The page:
Just before the LBO’s artistic and general director, Andreas Mitisek, took up the microphone to make one of his usual droll fund-raising speeches (this one containing the classic line, “Is this a check I see before me?”), he passed by seat A-1. In our exchange of pleasantries, I made a lame joke about being seated at the same table with Banquo’s ghost — and his reply, reinforced by a mischievous twinkle in his eyes, suggested that was exactly the point. We were all about to be  “guests” at this ghastly party: and that was precisely the governing concept of the production. As things turned out, it was a little like being in one of those Halloween house of horrors where costumed demons get right in your face as they try to scare you. Banquo, Duncan, Malcolm, and Macduff were, all of them, already dead and made up to look like ghosts. Hissing witches were all over me it seemed (but they hissed and writhed a bit too much for my dreadful pleasure), and the dramatic action was swallowing me up. Only the two leads, Macbeth and his lady, were spared the ghostly greasepaint — and this too was deliberate. Rarely have these two characters seemed so human to me — a tribute to the two superb lead singers.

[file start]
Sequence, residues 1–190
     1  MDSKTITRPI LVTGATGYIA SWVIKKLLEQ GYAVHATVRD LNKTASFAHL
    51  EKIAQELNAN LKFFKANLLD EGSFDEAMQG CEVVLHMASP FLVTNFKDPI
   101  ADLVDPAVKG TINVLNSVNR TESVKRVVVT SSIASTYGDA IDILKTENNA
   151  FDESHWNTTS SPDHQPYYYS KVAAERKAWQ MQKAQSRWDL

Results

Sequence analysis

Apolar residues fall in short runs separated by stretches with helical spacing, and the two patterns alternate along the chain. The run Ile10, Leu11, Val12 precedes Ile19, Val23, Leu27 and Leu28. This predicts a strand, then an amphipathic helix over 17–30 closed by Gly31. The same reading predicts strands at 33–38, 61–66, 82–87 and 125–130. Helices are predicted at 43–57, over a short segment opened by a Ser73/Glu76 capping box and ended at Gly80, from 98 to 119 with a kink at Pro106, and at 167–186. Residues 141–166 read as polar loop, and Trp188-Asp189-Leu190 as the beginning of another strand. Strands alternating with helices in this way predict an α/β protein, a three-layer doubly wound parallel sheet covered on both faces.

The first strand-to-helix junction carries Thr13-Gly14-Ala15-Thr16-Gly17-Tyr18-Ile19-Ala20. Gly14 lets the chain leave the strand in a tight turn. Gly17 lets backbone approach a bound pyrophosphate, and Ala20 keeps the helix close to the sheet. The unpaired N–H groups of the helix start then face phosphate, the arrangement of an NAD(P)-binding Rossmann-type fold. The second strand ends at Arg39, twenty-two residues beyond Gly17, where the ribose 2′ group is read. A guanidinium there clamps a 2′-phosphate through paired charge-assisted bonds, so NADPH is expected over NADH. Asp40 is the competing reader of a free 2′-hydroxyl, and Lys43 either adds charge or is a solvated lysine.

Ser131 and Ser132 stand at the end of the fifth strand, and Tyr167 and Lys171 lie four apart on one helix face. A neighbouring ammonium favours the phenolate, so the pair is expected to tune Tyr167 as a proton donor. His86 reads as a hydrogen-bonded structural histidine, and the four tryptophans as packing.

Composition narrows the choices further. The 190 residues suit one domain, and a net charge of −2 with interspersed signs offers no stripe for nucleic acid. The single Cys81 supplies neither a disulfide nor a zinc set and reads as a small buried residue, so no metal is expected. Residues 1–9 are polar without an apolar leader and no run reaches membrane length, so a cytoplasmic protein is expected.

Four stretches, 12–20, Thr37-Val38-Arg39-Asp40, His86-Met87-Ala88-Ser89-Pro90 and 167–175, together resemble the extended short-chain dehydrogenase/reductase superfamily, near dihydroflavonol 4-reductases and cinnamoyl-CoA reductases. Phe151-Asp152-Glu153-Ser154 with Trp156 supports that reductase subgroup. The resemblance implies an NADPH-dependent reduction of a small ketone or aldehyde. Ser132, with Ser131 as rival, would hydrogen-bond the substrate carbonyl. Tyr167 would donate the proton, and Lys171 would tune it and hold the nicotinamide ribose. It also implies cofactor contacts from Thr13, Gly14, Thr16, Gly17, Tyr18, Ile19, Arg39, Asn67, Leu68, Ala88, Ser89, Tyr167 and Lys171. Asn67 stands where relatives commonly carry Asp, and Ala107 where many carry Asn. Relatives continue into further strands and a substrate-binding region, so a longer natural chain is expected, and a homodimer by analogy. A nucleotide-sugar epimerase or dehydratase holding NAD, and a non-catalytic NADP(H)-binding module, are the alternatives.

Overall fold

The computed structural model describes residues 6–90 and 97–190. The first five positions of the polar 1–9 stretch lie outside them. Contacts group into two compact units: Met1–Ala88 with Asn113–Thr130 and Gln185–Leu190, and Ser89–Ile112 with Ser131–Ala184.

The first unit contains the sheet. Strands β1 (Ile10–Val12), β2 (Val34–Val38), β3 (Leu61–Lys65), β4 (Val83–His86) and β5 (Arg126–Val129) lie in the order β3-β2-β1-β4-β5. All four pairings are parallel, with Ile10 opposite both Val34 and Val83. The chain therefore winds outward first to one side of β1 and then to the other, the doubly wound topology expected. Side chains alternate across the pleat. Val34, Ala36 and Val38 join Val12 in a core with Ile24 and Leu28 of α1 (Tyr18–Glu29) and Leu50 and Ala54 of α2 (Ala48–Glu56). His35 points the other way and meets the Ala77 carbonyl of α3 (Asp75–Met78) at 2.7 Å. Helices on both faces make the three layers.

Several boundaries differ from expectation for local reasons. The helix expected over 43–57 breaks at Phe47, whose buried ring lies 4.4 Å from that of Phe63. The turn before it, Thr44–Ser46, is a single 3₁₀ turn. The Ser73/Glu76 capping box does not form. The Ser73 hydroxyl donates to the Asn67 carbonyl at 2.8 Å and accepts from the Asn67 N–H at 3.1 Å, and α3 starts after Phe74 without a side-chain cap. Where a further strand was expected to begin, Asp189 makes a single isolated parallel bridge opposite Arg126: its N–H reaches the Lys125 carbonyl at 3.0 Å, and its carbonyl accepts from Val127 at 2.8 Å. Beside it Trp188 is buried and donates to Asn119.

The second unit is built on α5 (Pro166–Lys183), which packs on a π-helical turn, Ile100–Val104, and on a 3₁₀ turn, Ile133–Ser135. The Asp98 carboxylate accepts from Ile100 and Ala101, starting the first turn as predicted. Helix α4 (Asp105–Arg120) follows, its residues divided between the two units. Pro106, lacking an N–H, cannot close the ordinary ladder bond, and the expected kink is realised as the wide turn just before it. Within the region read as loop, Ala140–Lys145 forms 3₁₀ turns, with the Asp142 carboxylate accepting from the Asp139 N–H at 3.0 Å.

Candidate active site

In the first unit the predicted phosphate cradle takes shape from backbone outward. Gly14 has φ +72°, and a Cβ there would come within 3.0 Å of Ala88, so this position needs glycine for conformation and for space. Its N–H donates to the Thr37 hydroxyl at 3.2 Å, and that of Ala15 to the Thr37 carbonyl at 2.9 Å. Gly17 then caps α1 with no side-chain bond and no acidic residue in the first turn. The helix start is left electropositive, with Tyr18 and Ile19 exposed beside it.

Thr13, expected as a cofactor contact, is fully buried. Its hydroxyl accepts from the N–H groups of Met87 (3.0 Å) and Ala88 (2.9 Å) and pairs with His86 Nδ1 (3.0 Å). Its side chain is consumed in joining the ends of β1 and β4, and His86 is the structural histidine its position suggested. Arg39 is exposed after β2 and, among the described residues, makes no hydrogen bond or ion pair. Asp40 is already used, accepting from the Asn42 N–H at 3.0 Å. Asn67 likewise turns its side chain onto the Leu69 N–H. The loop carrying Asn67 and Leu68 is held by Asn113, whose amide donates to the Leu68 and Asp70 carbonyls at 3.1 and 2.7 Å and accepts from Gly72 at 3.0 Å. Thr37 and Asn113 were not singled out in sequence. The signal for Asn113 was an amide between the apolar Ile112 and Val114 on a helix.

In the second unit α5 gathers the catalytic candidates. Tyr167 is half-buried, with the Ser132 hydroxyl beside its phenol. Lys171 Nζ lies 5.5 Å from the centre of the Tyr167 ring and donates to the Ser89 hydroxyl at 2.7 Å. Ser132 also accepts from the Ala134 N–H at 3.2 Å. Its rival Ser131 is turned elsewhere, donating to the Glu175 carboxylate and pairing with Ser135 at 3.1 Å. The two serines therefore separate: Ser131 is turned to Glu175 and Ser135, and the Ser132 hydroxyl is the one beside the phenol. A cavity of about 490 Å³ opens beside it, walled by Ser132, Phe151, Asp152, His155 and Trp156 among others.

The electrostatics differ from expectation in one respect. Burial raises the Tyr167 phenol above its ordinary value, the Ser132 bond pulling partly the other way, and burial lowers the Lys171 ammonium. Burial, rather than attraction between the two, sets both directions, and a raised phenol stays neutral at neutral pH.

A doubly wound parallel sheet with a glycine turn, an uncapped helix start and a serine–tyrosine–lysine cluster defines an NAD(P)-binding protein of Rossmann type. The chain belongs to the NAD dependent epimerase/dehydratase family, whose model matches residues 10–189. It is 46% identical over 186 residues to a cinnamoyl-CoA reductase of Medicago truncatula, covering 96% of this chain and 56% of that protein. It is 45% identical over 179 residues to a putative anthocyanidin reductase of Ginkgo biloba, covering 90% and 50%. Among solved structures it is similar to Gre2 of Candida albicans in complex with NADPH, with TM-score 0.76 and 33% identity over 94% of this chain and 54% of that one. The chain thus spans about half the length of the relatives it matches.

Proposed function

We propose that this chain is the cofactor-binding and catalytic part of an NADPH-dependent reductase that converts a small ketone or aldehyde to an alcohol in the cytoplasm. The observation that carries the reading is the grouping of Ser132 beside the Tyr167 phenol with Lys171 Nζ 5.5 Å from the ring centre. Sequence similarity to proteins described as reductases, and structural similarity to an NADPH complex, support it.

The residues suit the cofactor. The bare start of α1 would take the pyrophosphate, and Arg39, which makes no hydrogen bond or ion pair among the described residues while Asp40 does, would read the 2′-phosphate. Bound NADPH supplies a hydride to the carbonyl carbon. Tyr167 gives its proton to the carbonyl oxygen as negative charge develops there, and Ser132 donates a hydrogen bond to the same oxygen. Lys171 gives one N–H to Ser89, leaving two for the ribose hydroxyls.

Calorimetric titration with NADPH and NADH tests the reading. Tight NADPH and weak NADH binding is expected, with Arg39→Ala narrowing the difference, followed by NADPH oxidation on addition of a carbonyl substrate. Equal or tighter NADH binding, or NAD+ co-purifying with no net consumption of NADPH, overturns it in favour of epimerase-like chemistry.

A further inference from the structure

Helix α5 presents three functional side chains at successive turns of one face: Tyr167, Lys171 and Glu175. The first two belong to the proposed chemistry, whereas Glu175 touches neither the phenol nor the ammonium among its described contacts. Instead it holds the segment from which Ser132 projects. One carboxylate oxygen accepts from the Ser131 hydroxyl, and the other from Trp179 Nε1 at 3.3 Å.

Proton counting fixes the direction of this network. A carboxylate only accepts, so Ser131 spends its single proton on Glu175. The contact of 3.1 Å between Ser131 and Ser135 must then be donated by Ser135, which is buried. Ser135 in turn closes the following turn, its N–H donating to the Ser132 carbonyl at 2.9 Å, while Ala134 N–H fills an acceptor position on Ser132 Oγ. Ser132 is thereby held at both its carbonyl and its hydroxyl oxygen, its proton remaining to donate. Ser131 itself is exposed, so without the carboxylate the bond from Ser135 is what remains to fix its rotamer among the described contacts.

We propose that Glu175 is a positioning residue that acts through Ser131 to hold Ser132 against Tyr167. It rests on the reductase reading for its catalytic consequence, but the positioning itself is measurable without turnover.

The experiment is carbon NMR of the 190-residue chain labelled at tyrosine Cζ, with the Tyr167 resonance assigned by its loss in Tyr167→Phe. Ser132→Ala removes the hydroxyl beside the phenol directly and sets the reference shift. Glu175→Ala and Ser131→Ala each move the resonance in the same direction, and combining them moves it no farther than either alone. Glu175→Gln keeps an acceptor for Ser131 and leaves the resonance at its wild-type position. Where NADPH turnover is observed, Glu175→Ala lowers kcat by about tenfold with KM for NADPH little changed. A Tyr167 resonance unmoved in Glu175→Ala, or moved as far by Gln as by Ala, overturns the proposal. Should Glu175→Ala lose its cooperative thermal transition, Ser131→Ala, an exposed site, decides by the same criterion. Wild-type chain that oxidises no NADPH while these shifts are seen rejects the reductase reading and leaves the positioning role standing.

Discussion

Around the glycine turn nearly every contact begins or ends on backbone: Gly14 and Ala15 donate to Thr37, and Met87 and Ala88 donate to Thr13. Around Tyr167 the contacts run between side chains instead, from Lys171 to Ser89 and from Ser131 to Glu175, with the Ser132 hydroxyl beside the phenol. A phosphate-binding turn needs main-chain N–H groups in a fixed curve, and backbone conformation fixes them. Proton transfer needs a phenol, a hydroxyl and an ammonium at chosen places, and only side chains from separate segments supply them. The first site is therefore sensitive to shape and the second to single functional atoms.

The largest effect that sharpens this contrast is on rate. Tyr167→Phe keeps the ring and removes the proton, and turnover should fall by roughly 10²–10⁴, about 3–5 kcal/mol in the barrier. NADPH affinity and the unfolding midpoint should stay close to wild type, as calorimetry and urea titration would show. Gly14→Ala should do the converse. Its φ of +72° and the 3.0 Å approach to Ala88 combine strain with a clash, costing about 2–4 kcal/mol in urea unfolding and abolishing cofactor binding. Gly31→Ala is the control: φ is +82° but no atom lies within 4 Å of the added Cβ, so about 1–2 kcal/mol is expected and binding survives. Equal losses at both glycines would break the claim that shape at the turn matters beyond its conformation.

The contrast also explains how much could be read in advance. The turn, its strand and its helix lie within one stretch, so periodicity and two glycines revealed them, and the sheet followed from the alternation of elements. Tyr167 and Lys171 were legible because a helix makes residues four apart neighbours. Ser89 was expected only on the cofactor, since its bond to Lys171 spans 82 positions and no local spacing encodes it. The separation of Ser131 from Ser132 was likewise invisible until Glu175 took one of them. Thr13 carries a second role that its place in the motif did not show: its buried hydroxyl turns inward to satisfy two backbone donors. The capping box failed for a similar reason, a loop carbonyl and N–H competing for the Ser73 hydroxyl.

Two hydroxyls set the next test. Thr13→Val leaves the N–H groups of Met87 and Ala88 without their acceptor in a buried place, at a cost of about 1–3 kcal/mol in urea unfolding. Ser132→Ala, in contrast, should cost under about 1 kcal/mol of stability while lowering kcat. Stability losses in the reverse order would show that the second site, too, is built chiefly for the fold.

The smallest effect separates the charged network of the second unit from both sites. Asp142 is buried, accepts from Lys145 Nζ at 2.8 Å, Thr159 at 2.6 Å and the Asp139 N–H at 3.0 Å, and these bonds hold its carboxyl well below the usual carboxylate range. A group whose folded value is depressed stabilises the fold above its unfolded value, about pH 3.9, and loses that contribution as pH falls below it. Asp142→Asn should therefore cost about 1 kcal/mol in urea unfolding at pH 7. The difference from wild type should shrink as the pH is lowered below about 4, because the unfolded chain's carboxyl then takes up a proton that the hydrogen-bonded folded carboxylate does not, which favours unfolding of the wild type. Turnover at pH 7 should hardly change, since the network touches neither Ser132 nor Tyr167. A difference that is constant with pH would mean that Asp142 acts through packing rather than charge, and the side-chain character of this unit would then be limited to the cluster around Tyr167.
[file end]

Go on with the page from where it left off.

But before discussing these two artists, it needs to be said, when one is plunged into the center of the action whilst the orchestral players are in another room so to speak, judging balances between the voices and the instrumental players is not a viable exercise. For me, Bloch’s romantic score (1910), with the usual expected influences (especially Debussy), became almost a secondary consideration — yet I had prepped on it before coming to the performance (using the Montpellier recording sung in French), and I could tell the execution of the music under conductor Benjamin Makino was sensitive, energetic and intellectually committed, though regrettably far from polished. More money and time … more money and time! On the other hand, it would be difficult to improve on the performances of baritone Nmon Ford as Macbeth and soprano Suzan Hanson as the woman who dares do more than doth become a man.

Doug Jones, Nmon Ford. Photo by Keith Ian Polakoff

Doug Jones, Nmon Ford. Photo by Keith Ian Polakoff